• Light a pathway to take your focus away from streetlights and unsightly security lighting. Landscape lighting or outdoor lanterns makes traversing your yard safer.
  • Incorporate large stones and boulders into the landscape to create an instant sense of permanence and age. Bury a portion of some stones to achieve a more natural look.
  • Gourds, pumpkins, orange fruits, dried hydrangeas, and mums turn a drab setting into a stunning feature. Arrange the bounty into a colorful combination. Add other items, such as cornstalks, wicker baskets, or even old garden implements

5) Small structures add a sense of scale and solidity to a garden retreat

  • A simple arbor can serve as an entrance to the backyard from the driveway guiding visitors to your pathway.
  • A larger arbor can be placed in a quiet corner. Add a small sitting outdoor bench under the arbor.
  • A small gazebo or summerhouse makes for an extravagant garden retreat. Populate the space with books, pictures and a few choice pieces of furniture for a quiet getaway.This gives you a spot to relax and entertain even during stormy weather.

6) Add a water feature or garden water fountain to enhance the peacefulness of this area.

  • The splashing water muffles neighborhood noises and creates soothing background sounds Install a series of waterfalls and water features to enhance the garden retreat with the sounds of rushing rapids or a trickling stream
  • Ponds can also add a sense of calm and serenity by themselves or with Koi fish.

7) Plant a Tree

  • Raised-bed planters with Japanese maples built into the slope makes an attractive solution when you have a change in grade.
  • A sugar maple planted near a deck provides a colorful backdrop in fall. In summer, its foliage creates a solid screen of privacy and welcome shade late in the afternoon.
  • Planting larger trees or quick-growing shrubs will create drama fast.

8) Add plantings of Perennials, Annuals, or Shrubs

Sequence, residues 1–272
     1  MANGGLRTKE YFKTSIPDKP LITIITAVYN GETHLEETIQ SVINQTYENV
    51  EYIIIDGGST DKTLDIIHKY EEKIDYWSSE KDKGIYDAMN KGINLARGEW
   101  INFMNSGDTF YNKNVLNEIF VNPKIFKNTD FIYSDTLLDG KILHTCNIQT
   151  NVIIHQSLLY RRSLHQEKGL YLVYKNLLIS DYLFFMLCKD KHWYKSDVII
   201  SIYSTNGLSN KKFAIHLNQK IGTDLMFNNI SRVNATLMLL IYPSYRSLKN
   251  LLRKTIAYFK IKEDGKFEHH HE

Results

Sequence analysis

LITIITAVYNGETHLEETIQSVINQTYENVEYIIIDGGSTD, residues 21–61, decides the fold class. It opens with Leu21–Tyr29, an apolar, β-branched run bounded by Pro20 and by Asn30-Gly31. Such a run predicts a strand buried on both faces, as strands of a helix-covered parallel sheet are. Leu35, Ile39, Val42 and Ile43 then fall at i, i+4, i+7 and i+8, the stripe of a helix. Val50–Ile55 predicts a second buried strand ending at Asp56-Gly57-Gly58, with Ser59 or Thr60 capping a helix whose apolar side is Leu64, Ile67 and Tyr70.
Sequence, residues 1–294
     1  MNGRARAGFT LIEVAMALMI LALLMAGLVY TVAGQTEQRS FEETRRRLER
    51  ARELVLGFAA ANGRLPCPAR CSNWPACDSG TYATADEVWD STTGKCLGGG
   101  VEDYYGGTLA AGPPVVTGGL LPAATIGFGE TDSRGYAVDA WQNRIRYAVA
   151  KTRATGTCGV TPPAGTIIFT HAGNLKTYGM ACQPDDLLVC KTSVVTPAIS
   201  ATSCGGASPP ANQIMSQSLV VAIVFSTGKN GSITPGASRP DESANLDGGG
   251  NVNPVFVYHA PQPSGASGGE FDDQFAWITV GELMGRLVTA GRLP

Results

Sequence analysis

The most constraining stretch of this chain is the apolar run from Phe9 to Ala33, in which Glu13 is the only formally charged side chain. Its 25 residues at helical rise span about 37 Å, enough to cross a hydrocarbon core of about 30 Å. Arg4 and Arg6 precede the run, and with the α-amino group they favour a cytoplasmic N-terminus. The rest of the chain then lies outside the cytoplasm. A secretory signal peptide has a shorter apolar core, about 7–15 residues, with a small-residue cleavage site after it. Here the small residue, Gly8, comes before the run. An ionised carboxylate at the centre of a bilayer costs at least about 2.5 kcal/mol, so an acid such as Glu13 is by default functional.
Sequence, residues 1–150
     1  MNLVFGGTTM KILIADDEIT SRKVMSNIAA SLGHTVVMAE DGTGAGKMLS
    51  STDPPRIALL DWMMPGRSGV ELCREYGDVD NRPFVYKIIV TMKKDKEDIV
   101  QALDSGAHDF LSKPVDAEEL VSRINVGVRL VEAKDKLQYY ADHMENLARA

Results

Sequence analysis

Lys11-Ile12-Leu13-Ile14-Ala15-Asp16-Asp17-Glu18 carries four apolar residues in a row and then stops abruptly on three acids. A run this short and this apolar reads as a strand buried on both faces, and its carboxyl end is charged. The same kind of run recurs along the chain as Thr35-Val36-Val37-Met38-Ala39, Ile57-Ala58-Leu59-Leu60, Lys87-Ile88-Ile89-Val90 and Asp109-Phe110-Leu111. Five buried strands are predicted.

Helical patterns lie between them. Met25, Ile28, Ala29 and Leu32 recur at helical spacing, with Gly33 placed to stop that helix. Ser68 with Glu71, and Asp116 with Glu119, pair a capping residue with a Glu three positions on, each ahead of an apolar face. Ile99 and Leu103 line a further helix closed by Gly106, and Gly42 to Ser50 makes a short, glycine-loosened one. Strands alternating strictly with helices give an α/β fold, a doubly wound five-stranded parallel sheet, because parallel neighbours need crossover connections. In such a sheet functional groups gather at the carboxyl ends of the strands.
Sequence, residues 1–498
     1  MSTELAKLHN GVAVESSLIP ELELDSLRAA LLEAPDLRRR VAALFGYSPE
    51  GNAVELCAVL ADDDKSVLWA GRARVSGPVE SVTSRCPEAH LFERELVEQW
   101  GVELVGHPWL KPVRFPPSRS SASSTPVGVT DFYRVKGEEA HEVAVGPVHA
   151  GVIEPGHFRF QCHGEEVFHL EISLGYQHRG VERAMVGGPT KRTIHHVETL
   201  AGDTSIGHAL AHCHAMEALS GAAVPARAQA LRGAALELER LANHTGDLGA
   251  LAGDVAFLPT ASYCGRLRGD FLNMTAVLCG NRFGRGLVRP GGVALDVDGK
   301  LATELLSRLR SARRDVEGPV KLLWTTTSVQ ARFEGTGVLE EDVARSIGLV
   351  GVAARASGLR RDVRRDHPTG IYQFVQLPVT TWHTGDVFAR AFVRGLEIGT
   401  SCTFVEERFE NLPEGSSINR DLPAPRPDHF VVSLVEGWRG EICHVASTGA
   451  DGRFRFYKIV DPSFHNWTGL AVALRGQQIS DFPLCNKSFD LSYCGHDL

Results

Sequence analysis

• Add fall color by planting a shrub that has awesome fall foliage. Arrowwood viburnum,Sumac, Fothergilla ,Tor Spirea , or Blackhaw Viburnum are great choices.
  • Add some spring color by planting some azaleas or rhododendrons
  • Choose flowers, foliage and shrubs that are good in winter and summer. Take the time to do the research.
  • A plant to consider is CORAL BARK JAPANESE MAPLE (Acer palmatum 'Sangokaku'). It has golden foliage in the fall, and then once the leaves are gone its vibrant red bark remains. It adds interest to the yard all winter long.
  • 'Espalier' refers to the training of a plant or tree to grow flat against a wall or trellis. Espalier has considerable merit in today's garden design. The practice was originally used in the old world to conserve space in small orchards and gardens. Today, espaliers are used for introducing a decorative accent in the landscape. More information
  • Use colorful annual flowers to fill spaces between trees and shrubs and while large plants get established. Small-scale annuals bring intimacy to the garden.
  • Japanese maples and ornamental blue fescue pick up on plant colors and shapes used near water features.
  • Keep plantings interesting all year by using a mix of evergreen and deciduous varieties. Shrubs lend structure and year-round interest to a perennial border. Incorporate them among your perennials and use them to play off one another
  • Contrast Colors- It only takes two plants to make a big impact. Yellow green and reddish purple are perfect mates because they're opposite each other on the color wheel.

Thanks to My Backyard be sure to visit and read their other interesting articles.